Beach days in Frisco and unpredictable forecasts in the Outer Banks

In mid-July, we went on the annual Abbott beach vacation in the Outer Banks. Since we had a Saturday-to-Saturday rental, and since Saturday traffic is horrific, Laura and I took the other way to the southern Outer Banks, through Manteo. On a normal day, when half the east coast isn’t migrating to the beach like some kind of Dothraki Horde, the Manteo route is 45 minutes or so slower than the drive through Chesapeake.


Actual footage of the Chesapeake route on a Saturday during the summer.

With summer traffic clogging the roads between Chesapeake and the Outer Banks, the Manteo route probably took us 20 minutes or so LESS than the more direct route.




After a lunch in Rodanthe, my parents checked with the rental home realtor at about 1:30 to see when the beach house would be ready, which could be as late as 6pm. Amazingly, the beach house was ready to go, which was a good thing because…




The rain, which was supposed to come in the evening rather than in the afternoon, made a day beach trip difficult, but things had cleared up by the evening.


We took the kids to the beach after dinner for what was advertised as “a walk along the ocean.”



Here McKenna is demonstrating how much sand was currently in her pants after sitting in the surf.


The next day, the weather forecasters were wrong once again, this time in our favor.




There was much rejoicing about the turn in the weather.


As was the case last year, Tabby and McKenna handled a shovel in one hour at the beach about 5,748 times more than they had during the rest of the year combined.




The two girls found that simple yard tools could do wonderful things.




We returned from our earth-moving to shower at the beach house, and found that the rental company was rationing towels as if the Dothraki horde pictured above was soon going to cut the island off from all outside supplies of towels. When it came to Laura’s attention that some of McKenna’s cousins were not taking appropriate steps to dry the one and only towel they had been provided, she took the necessary steps.




The next day, with a solid beach day under our belts, we took some time to check out our surroundings. The beach house was on the Sound side (bay side), rather than the ocean side, and the realtors had promised a beach access on the Sound, an access which I have pictured below.

We escaped the zika-infested Sound beach to return to a more beachy beach on the ocean.




When we got to the beach, McKenna started freaking out about the sand on her hands, which was odd considering that she had actually eaten enough sand earlier in her life that she had pooped concrete, regularly sits in surf until her pants fill with 20 pounds of sand, and had tried to create a “sand angel” by lying in the sand and flapping her arms and legs just the day before. Then it all became clear.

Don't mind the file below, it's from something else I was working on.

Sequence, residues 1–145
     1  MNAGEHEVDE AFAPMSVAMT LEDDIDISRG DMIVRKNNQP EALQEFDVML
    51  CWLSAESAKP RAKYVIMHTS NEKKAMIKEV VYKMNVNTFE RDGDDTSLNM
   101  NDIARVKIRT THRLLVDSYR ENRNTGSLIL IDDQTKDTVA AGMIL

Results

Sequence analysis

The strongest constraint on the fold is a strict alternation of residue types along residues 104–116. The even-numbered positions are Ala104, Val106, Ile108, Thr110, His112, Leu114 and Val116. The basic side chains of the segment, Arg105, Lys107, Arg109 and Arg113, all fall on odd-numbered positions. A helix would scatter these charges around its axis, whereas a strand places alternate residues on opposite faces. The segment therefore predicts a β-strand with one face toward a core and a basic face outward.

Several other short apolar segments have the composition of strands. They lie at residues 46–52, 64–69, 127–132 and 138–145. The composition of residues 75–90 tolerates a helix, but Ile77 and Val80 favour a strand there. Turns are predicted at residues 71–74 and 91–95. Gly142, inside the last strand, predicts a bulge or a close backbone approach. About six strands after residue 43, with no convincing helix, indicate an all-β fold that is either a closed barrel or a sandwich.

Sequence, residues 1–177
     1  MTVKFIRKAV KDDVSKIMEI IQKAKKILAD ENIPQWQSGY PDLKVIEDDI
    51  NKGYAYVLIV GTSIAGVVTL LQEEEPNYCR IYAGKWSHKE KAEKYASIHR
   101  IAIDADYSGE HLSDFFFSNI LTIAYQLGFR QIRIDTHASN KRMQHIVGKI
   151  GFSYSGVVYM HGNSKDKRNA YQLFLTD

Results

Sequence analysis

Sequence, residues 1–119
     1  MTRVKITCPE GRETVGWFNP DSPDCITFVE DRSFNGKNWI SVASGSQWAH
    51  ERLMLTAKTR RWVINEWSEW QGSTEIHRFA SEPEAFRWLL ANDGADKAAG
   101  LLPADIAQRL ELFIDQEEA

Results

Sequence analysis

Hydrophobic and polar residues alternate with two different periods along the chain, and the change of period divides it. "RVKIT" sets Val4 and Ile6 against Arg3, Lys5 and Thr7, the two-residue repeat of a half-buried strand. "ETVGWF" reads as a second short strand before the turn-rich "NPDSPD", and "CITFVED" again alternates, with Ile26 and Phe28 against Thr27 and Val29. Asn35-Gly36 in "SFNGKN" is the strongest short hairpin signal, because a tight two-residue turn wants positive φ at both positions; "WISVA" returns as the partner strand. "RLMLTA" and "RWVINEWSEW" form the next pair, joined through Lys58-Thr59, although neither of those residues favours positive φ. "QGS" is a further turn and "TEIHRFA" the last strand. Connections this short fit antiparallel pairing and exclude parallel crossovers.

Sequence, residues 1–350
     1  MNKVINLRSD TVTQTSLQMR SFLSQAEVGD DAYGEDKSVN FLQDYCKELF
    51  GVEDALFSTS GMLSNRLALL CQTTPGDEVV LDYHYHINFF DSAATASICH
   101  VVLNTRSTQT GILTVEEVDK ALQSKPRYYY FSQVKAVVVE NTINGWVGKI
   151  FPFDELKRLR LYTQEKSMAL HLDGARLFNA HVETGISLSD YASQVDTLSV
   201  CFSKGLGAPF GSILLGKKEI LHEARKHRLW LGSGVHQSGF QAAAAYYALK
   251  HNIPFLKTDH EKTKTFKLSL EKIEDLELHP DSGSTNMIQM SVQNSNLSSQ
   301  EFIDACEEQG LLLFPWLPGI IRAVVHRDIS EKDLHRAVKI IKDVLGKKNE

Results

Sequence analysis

Other children were both happier and less nap-prone on this beach day.

This year at Frisco beach, we had none of the tide pools of previous years, although the basin between the sandbar and the shore was calm on this day and swimmable even for young children. Plus, the sandbar was shallow enough to keep sharks out. Only a really forward-thinking shark who had planned ahead during high tide could have threatened swimmers in the basin.

We probably stayed out in the sun a bit too long, especially for McKenna’s older cousins, who seemed unaware that sunscreen actually had to be applied to all of your exposed skin, and that applying sunscreen to only one spot would not create some kind of spreading armor.


Although that kind of sunscreen would be super awesome.

The pool at the beach house was shaded by this time, protecting the children from any other sunscreen mishaps.

An advantage of being on the Sound was that we were better positioned to see the sun set over the water.


To get a clearer view of the sunset, Tabby and I walked down to the “beach access.”


The next day’s forecast promised good weather as well, with only a 10-15% chance of storms until about 5pm. Which meant, of course, that…




Disappointingly, that’s a storm for sure and not an invading force of reptilian aliens.



After the worst of the storms passed, we had to figure out what to do with the girls. We decided to go to the miniature golf/ice cream place that was close by – only about four Donald Trump signs north of the beach house.

The rain stopped for a while, enabling is to play miniature golf.


And by “played” I actually mean we introduced some kind of hockey-golf hybrid to the Buxton area.

After taking 37 swings per hole, the girls needed to refuel.


The angry looks that come from interrupting ice cream consumption to take a picture. 


One thought on “Beach days in Frisco and unpredictable forecasts in the Outer Banks

  1. Pingback: Safe Ocracoke beaches and rowing kayaks in circles | Endless Odyssey

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